Mothers of children with developmental disabilities experience stress, anxiety and depression more often and to a greater degree than mothers who parent children without disabilities. It is thought that the chronic stress and the associated poor health that often result may impact a mom’s ability to parent effectively.
This study looked at what would happen if a program were put in place specifically for moms of children with disabilities (or what I will call “Special Moms”). Researchers randomly assigned 243 Special Moms into two groups to attend a program led by peer mentors (eg. other Special Moms who received training to lead the groups).
One group learned Mindfulness-Based Stress Reduction (MBSR) techniques while the other group learned Positive Adult Development (PAD) techniques. MBSR and PAD are evidence-based practices, which mean that they have been shown, through research, to be beneficial.
The MBSR group learned meditation, breathing and movement techniques and the relaxation response. The PAD group learned ways to “temper emotions such as guilt, conflict, worry and pessimism by identifying and recruiting character strengths and virtues…and by exercises involving gratitude, forgiveness, grace and optimism.” All the moms attended weekly group sessions and practiced what they learned at home on a daily basis.
What were the results?
According to the study, the moms in both groups experienced less stress, anxiety and depression, and improved sleep and life satisfaction. After 6 months, these improvements continued. There were some differences between the two groups that related to whether they received the MBSR or PAD practice, but the important take-away from this study is that both treatments proved beneficial to the moms.
There are programs in place to help children with disabilities, but few programs exist to help their parents, especially when the stress causes mental, emotional and physical fatigue. Moms often become anxious or depressed, which does not help them as they face the intense daily challenges of parenting a child with a disability. This study shows the positive effect of proven stress reduction techniques when taught in a peer-mentored program.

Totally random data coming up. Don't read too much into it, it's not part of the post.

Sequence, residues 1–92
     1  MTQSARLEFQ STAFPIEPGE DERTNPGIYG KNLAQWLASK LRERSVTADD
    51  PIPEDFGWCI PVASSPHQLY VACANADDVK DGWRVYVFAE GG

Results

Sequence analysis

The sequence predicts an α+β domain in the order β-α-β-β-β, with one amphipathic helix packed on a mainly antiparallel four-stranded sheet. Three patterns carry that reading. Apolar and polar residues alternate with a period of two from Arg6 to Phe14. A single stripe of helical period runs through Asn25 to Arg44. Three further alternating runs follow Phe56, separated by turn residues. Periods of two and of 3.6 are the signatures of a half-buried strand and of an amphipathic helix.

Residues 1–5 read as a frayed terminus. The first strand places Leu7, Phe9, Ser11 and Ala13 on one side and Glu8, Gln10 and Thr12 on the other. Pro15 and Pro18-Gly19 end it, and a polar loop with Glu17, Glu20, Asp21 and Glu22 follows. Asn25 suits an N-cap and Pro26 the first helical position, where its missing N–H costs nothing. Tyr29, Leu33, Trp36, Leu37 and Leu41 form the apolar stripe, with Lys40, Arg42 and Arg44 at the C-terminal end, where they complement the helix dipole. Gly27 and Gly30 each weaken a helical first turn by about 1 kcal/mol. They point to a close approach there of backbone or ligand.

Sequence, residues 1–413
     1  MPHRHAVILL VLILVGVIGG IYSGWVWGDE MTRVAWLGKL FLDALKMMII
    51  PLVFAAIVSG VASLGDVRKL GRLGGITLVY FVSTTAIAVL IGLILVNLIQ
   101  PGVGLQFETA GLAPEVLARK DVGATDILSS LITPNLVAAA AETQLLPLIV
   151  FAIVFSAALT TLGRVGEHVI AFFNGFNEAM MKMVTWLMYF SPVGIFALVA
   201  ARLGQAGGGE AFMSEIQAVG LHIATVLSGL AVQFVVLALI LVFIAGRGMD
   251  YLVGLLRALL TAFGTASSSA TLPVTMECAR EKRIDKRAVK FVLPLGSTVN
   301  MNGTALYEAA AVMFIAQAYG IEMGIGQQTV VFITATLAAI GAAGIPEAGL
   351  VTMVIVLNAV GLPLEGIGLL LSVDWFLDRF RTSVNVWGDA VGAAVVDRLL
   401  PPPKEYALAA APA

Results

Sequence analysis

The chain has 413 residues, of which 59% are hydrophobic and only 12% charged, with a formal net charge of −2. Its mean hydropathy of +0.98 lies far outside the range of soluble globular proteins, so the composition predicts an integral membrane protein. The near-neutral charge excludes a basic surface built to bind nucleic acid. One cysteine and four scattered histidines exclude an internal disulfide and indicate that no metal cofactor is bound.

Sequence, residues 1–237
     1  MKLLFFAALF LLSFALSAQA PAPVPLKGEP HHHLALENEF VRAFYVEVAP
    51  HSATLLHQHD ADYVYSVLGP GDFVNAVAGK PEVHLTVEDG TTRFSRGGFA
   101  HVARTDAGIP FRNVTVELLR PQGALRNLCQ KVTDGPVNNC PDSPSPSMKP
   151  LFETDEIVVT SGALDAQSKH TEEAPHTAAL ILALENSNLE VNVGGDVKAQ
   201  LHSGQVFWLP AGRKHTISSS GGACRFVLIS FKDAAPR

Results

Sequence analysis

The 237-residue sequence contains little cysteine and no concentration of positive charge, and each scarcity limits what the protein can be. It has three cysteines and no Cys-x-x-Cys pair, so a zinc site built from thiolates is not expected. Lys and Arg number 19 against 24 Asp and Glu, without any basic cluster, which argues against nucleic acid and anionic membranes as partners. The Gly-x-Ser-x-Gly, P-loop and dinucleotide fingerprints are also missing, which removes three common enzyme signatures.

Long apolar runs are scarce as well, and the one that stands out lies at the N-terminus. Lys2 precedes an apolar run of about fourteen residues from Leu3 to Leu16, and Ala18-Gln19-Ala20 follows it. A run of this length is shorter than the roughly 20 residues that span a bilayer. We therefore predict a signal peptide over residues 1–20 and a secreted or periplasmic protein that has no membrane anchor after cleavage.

The authors conclude that “future studies should be done on how trained mentors and professionals can address the mental health needs of mothers of children with developmental disabilities since doing so can improve maternal well-being and long-term caregiving for children with complex needs.”
If you are a Special Mom, your personal take-away message from this study is to try to include a stress reduction program into your daily life, such as meditation, yoga, or another relaxation technique. If you can do so with a group of other Special Moms, all the better!
Note: This post is part of the weekly series Delays and disabilities – how to get help for your child. It was started in January 2013 and appears every Wednesday. While on News Moms Need and click on “Help for your child” in the Categories menu on the right side to view all of the blog posts to date (just keep scrolling down). We welcome your comments and input.